Hot Fuzz: While spoofs never go far with me, the 80's action lampoon "Hot Fuzz" didn't take its subject lightly. This was a three-dimensional British comedy, pilfering cues from all over the buddy cop landscape to sculpt its own distinctive serial killer shenanigans, leaving plenty of space to horse around in disarmingly ingenious ways. It's an uproarious creation, gracefully submitting the idea that perhaps the trio of Simon Pegg, Edgar Wright, and Nick Frost can do no wrong.
King of Kong: A Fistful of Quarters: Classic arcade games and robust nerd egos get the workout of lifetime in "King of Kong," not only the best documentary of the year but one of the funniest films as well. We may never know the true story of bitter rivalry between Steve Wiebe and Billy Mitchell, but what director Seth Gordon has assembled with this film is riotously entertaining. It's a borderline-fictitious peek at quarter-gobbling mania and suburban-dad desperation, pitting good vs. evil in the arena of "Donkey Kong" high scores; a hoot from start to finish.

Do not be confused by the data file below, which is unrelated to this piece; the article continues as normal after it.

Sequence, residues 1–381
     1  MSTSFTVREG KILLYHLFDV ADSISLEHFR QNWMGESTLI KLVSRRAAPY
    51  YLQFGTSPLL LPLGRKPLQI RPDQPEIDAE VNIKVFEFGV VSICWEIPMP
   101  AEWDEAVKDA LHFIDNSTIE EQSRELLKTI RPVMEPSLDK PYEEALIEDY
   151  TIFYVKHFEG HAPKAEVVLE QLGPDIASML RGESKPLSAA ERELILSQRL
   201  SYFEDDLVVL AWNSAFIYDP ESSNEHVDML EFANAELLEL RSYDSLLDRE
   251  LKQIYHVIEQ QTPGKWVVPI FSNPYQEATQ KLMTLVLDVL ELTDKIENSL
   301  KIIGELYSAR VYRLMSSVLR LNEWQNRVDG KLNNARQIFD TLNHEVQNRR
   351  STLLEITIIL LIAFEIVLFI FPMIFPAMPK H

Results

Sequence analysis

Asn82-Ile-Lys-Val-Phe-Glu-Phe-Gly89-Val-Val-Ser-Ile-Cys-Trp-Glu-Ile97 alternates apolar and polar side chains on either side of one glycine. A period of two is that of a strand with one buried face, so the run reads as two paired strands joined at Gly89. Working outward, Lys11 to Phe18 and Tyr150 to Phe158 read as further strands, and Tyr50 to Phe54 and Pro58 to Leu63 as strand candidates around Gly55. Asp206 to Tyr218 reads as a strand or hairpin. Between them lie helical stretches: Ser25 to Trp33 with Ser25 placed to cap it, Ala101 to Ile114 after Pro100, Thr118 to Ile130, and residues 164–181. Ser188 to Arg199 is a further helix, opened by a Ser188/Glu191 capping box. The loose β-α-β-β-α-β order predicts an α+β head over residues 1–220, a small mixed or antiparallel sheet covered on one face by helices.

Manda Bala (Send a Bullet): What starts as an eccentric semi-documentary on Brazil's disturbing political and criminal impulses soon turns into an eye-opening, spit-take account of South American life on its most frightening levels. Rich with local atmospherics and shot with front-row clarity, "Manda Bala" is a stirring, sickening, haunting decent into hell. Albeit the most colorful, welcoming hell I've seen in some time.